Back to the lakes

Sometime in the last week or so, it felt like the winter switch had been flicked. For one thing, up here in Victoria’s central highlands, the firewood index has shown a sharp uptick. Consumption has gone from a pleasant evening option, to a 24 hour essential.

Out on the water, this switch has played out in part as a change from stream fishing, to lake fishing. Over the decades, I’ve noticed this transition usually occurs (for me at least) sometime between the end of April, and the first two weeks of May. This year, it pushed out to the mid-May end of the Bell Curve, so I have no complaints.

Lake time, Talbot Reservoir

For the benefit of those who like their flyfishing nice and tidy, I should stress there’s no black-and-white demarcation here. It’s not as if one day streams are worth fishing, but the next day, only the lakes. Stream fishing will continue to be an option right up until Kings Birthday. Rather, for me at least, some sort of vague point is reached where the consistent, quality fishing I’ve come to expect on the streams, has slipped. Simultaneously, the lake fishing – which has up until now taken second place – has pushed up past the river option. I’m sure there will be moments, even hours, when the streams will still turn on some good fishing. However personally, I now feel as if my time is better spent on the lakes (and as soon as I can get organised, the estuaries as well).

So far, the ‘lake time’ instinct hasn’t let me down. From the Grampians, to the waters nearer home, the trout have been cooperative – at least by lake trout standards. It has certainly taken a bit of readjustment from the comparative ‘sugar hit’ of walking up to a stream and within a few minutes, at least encountering a trout. As (nearly) always, the lakes require a greater investment of time and effort.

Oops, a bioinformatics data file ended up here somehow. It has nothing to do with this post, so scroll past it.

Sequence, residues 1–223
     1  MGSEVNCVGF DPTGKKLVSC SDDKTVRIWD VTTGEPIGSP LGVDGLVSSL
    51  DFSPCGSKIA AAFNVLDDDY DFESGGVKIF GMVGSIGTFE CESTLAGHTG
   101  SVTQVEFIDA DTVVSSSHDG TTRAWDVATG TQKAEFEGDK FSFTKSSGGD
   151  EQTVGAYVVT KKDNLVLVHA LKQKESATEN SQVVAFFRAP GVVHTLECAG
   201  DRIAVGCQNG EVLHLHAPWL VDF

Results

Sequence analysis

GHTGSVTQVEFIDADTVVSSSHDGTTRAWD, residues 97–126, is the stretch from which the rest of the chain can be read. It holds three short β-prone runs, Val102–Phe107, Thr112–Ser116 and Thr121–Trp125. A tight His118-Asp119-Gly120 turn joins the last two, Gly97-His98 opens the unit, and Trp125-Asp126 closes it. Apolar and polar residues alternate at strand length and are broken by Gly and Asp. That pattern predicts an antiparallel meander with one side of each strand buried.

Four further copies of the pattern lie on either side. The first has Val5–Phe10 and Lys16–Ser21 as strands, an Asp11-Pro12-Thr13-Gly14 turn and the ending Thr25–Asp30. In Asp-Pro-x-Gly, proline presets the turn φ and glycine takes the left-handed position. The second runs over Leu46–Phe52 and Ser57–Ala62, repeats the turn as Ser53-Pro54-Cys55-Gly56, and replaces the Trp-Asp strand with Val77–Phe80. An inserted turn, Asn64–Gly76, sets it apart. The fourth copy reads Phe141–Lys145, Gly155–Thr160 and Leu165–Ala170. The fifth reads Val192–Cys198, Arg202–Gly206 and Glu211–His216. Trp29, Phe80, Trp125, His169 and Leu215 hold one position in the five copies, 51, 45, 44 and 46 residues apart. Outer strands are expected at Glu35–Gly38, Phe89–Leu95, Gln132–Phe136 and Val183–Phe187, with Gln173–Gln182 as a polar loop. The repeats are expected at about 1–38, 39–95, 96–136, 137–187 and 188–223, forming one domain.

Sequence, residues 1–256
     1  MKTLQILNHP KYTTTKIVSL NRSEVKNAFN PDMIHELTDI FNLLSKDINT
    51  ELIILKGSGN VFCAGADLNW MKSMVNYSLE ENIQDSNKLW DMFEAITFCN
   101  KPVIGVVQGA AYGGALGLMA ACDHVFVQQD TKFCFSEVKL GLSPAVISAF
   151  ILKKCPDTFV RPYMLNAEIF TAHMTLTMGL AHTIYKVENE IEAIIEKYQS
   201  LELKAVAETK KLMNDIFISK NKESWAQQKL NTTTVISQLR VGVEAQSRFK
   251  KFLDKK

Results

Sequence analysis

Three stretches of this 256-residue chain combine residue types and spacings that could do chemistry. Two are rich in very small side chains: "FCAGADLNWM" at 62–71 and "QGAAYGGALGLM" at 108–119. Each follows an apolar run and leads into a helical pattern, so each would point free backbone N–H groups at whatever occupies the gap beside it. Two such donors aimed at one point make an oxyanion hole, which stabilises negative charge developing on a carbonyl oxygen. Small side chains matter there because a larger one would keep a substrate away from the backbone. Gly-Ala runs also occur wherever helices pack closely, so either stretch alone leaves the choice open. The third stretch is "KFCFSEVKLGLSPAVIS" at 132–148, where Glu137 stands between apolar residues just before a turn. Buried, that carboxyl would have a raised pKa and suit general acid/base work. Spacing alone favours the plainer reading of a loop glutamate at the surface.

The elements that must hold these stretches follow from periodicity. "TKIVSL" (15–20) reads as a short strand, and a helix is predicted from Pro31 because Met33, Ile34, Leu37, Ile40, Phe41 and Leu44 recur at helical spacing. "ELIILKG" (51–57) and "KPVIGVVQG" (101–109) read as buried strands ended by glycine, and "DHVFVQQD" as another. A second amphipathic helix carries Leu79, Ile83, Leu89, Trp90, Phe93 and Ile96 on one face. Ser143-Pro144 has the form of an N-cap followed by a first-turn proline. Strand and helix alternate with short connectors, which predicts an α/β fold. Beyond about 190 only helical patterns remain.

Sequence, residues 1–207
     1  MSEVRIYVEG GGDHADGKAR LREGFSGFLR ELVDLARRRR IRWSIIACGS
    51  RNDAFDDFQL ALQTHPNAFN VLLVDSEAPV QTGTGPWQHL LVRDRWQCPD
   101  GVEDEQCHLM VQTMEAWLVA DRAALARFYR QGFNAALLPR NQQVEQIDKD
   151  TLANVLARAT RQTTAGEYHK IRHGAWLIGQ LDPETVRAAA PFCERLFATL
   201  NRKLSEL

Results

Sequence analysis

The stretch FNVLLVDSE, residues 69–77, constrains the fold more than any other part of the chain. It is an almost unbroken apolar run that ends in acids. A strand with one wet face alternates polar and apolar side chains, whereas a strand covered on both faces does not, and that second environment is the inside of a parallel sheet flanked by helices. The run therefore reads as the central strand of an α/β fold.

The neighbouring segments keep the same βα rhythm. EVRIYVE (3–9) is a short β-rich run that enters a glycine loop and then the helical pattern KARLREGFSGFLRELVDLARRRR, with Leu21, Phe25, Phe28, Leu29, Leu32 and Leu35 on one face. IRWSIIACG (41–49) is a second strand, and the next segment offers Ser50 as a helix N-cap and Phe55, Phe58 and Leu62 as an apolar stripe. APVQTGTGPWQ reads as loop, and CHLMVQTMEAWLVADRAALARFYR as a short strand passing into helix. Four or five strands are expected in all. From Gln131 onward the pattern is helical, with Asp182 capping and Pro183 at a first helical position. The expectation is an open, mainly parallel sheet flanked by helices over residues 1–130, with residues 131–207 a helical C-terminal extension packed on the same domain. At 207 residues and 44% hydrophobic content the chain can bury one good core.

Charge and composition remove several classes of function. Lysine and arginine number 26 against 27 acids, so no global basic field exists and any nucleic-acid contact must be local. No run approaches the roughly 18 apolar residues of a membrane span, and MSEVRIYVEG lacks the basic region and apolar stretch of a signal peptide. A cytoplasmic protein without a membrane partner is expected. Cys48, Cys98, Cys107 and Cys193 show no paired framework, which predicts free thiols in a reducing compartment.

Return on investment.

A classic case study was last week at Lake Fyans with Daniel. The lake looked really good, yet after an hour, I hadn’t seen a fish. I’d dropped Daniel off on a shore back behind me, the idea being that we would cover twice the water, and alert each other if we found some action. Daniel fished his shore for no result, but as he reached the point where I had started (now a couple of hundred metres behind me) he called out that three fish were rising.

Sure enough, as I walked back, I could see rises where less than an hour earlier, there had been nothing. Apparently, some minor change in conditions had the trout up midging, and some exciting fishing ensued. For the next couple of hours, a pattern developed where three or four fish would get up and provide decent targets, then mysteriously vanish again. Once more though, spreading out and keeping in touch, meant we could both get together to capitalise on these seemingly random bursts of action.

One of the Fyans fish Daniel called me back for.

Meanwhile, as with every lake season, I’m trying to make good decisions about locations based on the fundamentals. (More about this in an upcoming feature.) However, the fundamentals don’t always play out as expected – for example, perhaps the wind is stronger than forecast, or not even from the forecast direction. That’s when a willingness to move can help – either to a completely different shore, or even a different lake. Obviously, there’s a balance to be struck here between being too ‘flighty’, and flogging a lost cause. Still, a couple of times lately, a considered move has saved the day.

Lake Bellfield – persist or move?

So, it’s lake time again. As I write, I’m about to put on a couple of extra layers, recheck the wind forecast, and head out. I’m not expecting fast and furious action, but if I catch a trout, it will probably be a good one.